Tuesday, June 18, 2013

ATTEMPTING FORGIVENESS



Forgiveness.

What a simple thing to say or read, but what an ever-complex choice to put forth into the world.

It’s been the subject matter of a series of church sermons a month or so ago. A subject that has been weighing heavy on my mind since. I remember thinking to myself at the start of the series, “ah, calling me out again, are ya God?!”

As He always does.

Many people assume that forgiving family members is easier than forgiving friends and/or acquaintances. Personally, I think it is even more difficult.

I use to believe that family starts off with an innate love and trust, even if for no other reason than just being ‘family.’ Like the moment a child is born, they naturally attach to their parents and siblings…a bond that grows deeper with time. A bond we consider sacred.

This is not the case for some. More like an initiation process in some regards.

We have been rather routinely bruised by a family member, with whom we now limit encounters. This unexplained hurt at the hands of a family member makes me question everything I thought I once knew about ‘loved ones.’ And I continually feel forced to grin and bear it, attempting to maintain an illusion of family harmony when we get together for various family functions.

I think bitterness snowballs and the difficulty of forgiveness rises, when we feel that people deny and/or do not identify their wrong. Especially difficult when the person is a repeat offender over the years, with no remorse. Rather, beholds a grandiose perspective, confused by who they aspire to be and who they really are.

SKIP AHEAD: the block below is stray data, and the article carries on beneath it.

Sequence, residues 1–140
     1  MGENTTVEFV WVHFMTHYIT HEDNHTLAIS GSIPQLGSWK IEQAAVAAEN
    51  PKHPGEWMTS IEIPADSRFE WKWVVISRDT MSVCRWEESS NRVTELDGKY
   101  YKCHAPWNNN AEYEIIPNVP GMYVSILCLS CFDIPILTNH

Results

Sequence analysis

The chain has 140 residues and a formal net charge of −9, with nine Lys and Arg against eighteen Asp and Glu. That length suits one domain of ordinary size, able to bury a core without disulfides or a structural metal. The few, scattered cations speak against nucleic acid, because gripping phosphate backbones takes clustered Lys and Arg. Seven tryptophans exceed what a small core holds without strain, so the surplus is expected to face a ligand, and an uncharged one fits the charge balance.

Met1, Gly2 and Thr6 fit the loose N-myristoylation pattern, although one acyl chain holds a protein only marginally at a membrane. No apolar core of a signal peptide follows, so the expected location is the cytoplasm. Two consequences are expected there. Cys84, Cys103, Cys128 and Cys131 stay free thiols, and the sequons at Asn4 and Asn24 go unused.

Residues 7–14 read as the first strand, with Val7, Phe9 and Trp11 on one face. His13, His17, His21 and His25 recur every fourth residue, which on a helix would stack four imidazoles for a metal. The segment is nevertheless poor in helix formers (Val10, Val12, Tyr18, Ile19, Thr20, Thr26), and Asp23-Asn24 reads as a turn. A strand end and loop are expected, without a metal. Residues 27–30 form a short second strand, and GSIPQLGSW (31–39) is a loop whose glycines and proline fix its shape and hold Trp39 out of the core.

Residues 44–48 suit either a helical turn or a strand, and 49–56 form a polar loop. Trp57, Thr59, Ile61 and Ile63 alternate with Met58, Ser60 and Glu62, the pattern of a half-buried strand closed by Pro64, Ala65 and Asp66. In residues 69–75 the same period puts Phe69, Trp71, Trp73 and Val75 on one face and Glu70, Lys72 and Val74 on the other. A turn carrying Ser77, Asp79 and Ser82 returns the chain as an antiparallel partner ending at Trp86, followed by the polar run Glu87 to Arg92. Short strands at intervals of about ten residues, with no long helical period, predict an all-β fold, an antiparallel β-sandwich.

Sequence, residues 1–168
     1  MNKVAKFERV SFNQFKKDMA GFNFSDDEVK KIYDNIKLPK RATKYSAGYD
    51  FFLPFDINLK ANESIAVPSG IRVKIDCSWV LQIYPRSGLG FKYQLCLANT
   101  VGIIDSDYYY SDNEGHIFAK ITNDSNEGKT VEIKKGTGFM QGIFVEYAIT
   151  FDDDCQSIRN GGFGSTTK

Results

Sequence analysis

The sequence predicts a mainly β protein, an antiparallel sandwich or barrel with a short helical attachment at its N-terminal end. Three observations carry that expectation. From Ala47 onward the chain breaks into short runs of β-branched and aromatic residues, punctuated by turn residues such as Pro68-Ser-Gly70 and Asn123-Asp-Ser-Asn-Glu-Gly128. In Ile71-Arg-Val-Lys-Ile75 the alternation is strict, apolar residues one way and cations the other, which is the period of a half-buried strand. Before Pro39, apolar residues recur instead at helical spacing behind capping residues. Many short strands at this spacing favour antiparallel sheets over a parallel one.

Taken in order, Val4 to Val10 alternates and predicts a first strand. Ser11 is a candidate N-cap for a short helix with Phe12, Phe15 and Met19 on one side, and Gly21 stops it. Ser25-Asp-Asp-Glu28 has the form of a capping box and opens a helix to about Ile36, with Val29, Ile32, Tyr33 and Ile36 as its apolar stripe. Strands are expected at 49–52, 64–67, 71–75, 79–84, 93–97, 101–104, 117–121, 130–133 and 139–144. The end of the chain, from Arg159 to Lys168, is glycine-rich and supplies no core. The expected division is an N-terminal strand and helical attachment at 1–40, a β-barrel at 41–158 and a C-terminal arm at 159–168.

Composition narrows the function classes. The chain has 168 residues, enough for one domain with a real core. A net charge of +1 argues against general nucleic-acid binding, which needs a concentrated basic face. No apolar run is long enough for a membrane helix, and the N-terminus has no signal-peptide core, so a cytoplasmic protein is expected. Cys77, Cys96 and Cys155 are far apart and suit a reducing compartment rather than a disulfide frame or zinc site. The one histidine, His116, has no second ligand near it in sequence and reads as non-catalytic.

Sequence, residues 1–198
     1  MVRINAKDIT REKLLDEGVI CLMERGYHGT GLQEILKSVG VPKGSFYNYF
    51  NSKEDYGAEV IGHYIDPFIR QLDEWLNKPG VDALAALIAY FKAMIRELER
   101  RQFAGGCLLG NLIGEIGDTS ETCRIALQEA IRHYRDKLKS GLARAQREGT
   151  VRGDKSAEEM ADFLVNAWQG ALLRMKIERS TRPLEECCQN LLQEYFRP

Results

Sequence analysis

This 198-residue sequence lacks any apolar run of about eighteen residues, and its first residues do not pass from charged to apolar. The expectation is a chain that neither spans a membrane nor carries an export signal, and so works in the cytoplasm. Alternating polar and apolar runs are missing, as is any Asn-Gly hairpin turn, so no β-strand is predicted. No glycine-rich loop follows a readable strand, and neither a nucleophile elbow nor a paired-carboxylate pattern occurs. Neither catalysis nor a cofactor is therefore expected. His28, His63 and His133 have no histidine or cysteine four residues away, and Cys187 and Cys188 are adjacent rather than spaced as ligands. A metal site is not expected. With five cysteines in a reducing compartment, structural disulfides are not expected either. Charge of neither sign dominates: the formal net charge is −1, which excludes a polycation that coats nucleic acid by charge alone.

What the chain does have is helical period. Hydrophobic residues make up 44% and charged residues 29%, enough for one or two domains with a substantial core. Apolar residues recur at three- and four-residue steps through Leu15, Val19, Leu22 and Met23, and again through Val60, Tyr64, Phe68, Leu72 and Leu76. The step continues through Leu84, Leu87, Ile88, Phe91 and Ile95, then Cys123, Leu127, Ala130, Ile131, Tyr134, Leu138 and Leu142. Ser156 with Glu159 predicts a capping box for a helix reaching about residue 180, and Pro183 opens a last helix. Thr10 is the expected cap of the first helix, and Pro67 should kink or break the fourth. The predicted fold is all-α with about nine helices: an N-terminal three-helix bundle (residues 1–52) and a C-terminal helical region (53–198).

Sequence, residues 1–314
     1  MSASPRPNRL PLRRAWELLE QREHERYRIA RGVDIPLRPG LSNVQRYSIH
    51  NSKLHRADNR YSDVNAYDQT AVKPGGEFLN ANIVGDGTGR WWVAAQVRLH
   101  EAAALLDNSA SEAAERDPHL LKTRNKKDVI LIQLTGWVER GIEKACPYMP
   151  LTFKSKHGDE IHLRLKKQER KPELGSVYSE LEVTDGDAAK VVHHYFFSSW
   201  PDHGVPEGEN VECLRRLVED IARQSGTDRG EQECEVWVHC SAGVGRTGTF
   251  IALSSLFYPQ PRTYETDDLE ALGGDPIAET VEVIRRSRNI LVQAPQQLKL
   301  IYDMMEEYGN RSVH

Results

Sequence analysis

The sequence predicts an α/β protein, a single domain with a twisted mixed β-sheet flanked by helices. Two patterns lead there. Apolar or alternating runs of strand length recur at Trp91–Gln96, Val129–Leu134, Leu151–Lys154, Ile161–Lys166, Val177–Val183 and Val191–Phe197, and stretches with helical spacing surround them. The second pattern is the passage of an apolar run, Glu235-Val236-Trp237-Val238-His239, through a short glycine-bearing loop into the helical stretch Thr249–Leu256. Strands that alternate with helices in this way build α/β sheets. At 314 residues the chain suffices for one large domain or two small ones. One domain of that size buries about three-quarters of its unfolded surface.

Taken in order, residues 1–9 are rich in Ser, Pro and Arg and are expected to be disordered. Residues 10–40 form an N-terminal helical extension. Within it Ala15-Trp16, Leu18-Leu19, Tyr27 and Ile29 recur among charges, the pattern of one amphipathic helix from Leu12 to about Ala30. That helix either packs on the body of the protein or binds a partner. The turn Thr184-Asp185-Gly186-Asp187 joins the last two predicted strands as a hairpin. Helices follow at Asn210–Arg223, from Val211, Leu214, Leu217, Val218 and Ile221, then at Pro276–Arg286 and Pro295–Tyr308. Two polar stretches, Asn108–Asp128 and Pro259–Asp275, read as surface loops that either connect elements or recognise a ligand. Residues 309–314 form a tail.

When Christ is the center of your relationship, forgiveness is easy and it can be a very humbling experience – this I know is true. But in some instances, bitterness continues to rear its ugly head and becomes a struggle to push away.

It was during this series that I made the choice to focus on Jesus and His forgiveness for me. He continually forgives me before I even acknowledge it. When I get to feeling upset or irritated about dysfunctional family dynamics, I’m making an effort to bring myself back to the foot of the cross. But it is far from an accomplishment and better labeled an attempt -- one I will continually strive to attain.

It is my prayer that whatever hurt you might have, that you meet it with Christ-like humility, love and forgiveness. And will you please pray the same for me?





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